Review: The Three / Author: Sarah Lotz / Publisher: Hodder and Stoughton / Release Date: Out Now
The Three is a book that’s difficult to define, a tale that stretches across genres. Part horror, part sci-fi, part conspiracy thriller, part discourse on the nature of humanity itself, it’s vaguely reminiscent of something Dean Koontz would have written twenty years ago. Yet, Sarah Lotz’s novel succeeds at being all of these at once, creating a story that is impossible to put down.
The initial premise is deceptively simple – four aeroplanes crash on the same day, yet somehow a child survives from three of them – but it’s what comes afterwards that is central to the novel. To mention anything of the plot would be criminal; suffice to say, there’s a book within this book, a fictional publication that analyses the aftermath of the plane crashes and the effect the survivors have on their loved ones as well as the world at large, making it all feel very personal, yet epic at the same time.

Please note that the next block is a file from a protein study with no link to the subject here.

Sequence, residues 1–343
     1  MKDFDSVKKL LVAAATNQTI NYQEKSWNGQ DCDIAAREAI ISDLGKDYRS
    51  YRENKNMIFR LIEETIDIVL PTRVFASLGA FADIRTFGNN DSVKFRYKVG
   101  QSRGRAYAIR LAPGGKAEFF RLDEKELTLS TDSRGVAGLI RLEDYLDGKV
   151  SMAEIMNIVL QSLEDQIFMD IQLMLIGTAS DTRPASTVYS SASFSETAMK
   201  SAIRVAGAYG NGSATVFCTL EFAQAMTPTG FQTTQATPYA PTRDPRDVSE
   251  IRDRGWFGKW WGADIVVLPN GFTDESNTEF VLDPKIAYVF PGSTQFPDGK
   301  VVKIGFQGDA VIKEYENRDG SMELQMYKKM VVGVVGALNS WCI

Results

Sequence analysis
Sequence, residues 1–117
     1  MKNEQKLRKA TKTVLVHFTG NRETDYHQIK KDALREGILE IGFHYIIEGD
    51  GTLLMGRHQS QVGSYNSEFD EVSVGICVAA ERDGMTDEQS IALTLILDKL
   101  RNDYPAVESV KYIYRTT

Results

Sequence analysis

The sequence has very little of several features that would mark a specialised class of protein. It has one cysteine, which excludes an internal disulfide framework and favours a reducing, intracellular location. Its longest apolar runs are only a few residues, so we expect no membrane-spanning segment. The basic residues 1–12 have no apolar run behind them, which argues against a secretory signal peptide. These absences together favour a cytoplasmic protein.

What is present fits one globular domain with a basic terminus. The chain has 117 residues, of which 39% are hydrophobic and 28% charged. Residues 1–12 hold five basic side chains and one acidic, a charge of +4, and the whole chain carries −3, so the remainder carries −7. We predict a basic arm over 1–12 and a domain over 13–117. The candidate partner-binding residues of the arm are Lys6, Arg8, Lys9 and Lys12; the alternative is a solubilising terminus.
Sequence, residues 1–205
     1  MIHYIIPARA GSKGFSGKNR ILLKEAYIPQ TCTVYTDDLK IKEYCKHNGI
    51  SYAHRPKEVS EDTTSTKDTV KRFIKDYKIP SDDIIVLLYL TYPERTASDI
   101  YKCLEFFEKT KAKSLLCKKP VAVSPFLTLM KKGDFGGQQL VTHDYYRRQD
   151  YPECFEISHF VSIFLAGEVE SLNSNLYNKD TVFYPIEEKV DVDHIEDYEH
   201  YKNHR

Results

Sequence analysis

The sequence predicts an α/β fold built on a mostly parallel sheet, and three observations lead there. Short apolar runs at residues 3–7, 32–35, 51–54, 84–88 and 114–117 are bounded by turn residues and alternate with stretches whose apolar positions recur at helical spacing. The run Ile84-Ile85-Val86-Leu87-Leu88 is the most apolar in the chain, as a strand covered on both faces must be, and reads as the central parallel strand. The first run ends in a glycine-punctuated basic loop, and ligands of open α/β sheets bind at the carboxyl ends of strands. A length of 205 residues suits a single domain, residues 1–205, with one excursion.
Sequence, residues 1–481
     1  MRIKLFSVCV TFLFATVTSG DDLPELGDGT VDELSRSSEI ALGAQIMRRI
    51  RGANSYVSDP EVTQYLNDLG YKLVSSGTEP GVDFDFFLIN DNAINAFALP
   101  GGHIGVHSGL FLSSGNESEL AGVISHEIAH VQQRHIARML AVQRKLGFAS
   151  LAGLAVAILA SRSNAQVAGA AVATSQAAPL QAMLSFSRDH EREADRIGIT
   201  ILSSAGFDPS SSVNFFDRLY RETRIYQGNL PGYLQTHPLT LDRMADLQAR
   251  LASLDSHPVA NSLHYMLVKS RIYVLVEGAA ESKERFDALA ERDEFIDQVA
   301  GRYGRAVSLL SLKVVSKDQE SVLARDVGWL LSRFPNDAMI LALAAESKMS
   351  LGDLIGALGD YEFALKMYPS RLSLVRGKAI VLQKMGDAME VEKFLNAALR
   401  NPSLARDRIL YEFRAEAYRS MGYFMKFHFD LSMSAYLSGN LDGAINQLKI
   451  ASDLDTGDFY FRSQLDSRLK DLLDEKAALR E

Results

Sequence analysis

This is achieved by documenting the accounts of various eye-witnesses, both professionally and personally related to the incidents as well as the three survivors. This allows the author to drip-feed information that tantalizes the reader to continue on to the next account. Each of these being relatively brief – a dozen pages at the most – the reader is then encouraged onto the next, then the next, until the final page is being turned. So be warned; once you start, you’d better cancel all your plans for the next couple of days, because you won’t want to leave the book for a single minute.
The author gives each of the accounts a different voice, allowing the reader to become familiar with the character in question. Their emotions are made apparent, but it’s the sorrow and sense of dread that really make the book come alive. The latter pervades the story, but is never overwhelming, increasing when it needs to, but more effective in smaller, more intimate moments. Still, the epic feel is never lost; the whole world is being affected here, as events begin to spiral out of control.
There are scenes that will sit in the mind of the reader for nights to come, knowing that it’s the human reaction to the strange events that may lead to its downfall, rather than the events themselves. The Three is chillingly brilliant, a masterpiece of a story that leaves the reader hanging on every word, always wanting to know more; the only disappointment is that it has to end, but the finale is such that it may make you want to read it again and find the clues you’ve missed.